Not with a bang but a whimper?

I have covered the ongoing constructive unfair dismissal claim and associated matters of the former Permanent Secretary of Home Office Philip Rutnam a couple of times. As has now been widely reported that case, which concerned accusations of improper conduct by the Home Secretary Priti Patel or those who for her, has been discontinued after a settlement has been reached between the Rutnam and the Home Office.

The FDA Union, which backed Rutnam’s claim, released the following statement on his behalf:

I am pleased to say that the Government has today settled the claims that I brought against them and which were due to be heard in an employment tribunal in September.

“I have received excellent support during this process and I would like to express warm thanks to the FDA and to my legal team, Slater and Gordon and Gavin Mansfield QC. I also want to record my appreciation and thanks to the many individuals, known and unknown to me, who have expressed their support throughout.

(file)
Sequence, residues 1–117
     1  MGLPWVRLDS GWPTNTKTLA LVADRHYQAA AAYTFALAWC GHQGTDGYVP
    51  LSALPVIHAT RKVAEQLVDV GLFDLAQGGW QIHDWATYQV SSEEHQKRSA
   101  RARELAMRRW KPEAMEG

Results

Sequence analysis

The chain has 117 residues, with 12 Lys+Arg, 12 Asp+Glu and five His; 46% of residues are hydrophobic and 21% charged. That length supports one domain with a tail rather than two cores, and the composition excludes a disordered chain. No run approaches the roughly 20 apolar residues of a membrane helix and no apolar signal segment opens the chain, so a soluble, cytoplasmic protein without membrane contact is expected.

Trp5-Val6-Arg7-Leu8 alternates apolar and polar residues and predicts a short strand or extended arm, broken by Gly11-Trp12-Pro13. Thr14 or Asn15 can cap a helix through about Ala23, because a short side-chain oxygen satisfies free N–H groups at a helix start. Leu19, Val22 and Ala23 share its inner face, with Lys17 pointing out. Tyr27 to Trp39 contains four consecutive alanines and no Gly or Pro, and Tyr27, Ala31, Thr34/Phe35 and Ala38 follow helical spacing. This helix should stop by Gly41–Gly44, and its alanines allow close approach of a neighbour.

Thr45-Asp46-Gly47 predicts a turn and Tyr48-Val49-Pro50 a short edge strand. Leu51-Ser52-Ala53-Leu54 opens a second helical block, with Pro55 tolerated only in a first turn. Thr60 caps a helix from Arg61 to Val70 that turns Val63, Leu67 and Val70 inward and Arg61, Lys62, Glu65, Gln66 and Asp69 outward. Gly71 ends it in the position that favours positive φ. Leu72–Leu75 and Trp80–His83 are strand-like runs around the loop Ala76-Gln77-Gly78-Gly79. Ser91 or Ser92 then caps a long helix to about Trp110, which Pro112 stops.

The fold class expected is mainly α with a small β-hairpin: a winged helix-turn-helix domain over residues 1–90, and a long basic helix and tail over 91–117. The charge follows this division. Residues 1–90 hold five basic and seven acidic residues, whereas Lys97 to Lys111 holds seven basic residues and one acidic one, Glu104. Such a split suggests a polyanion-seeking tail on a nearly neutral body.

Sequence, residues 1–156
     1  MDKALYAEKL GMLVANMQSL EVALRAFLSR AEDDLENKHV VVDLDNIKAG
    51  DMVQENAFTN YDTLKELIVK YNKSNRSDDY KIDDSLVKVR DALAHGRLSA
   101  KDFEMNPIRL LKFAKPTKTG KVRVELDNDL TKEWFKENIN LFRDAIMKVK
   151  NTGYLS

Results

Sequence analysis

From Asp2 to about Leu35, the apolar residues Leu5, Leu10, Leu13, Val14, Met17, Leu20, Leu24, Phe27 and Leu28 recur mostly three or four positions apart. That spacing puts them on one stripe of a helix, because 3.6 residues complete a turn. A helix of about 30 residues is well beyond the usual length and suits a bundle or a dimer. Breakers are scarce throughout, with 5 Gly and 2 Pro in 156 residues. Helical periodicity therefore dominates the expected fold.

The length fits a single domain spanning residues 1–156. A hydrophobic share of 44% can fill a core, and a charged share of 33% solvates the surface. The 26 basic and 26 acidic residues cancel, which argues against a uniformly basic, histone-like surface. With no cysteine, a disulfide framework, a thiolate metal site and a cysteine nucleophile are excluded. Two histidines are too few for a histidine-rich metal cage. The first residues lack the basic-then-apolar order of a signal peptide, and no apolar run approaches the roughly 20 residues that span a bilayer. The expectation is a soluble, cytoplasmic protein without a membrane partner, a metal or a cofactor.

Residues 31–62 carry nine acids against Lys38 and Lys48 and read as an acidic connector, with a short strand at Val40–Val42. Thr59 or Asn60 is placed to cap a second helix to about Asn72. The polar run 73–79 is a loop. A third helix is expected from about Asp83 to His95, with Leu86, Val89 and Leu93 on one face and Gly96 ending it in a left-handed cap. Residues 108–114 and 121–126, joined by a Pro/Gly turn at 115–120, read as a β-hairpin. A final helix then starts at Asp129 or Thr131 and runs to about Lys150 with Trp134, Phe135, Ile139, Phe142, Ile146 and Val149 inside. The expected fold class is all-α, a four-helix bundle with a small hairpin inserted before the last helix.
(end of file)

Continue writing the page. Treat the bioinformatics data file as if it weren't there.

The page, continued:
“This settlement resolves my own case. The FDA is continuing to pursue in separate proceedings the wider issues that have been raised.

“I now look forward to resuming my career.”

The Guardian initially reported that the settlement which will be paid out of the public purse was “six figures”, while the BBC have reported the settlement was £340,000. However, Sebastian Payne a journalist for the Financial Times has reported the total was £370,000, including £30,000 for costs.

Since the general rule in employment tribunals, unlike most civil claims, is that each party is responsible for their own legal costs the reports that the settlement includes a payment of the other side’s legal costs. may well be indicative of the relative merits of the government’s case as such a payment is unusual, but other explanations are of course also possible. After the initial negative briefings against Rutnam it is also potentially significant that the government’s own public statement after the settlement made a point of publicly recording that his conduct was consistent with the ideals of professional and public service:

“Sir Philip Rutnam resigned from his post as Permanent Secretary of the Home Office on 29 February 2020 and subsequently began legal proceedings against the Home Office.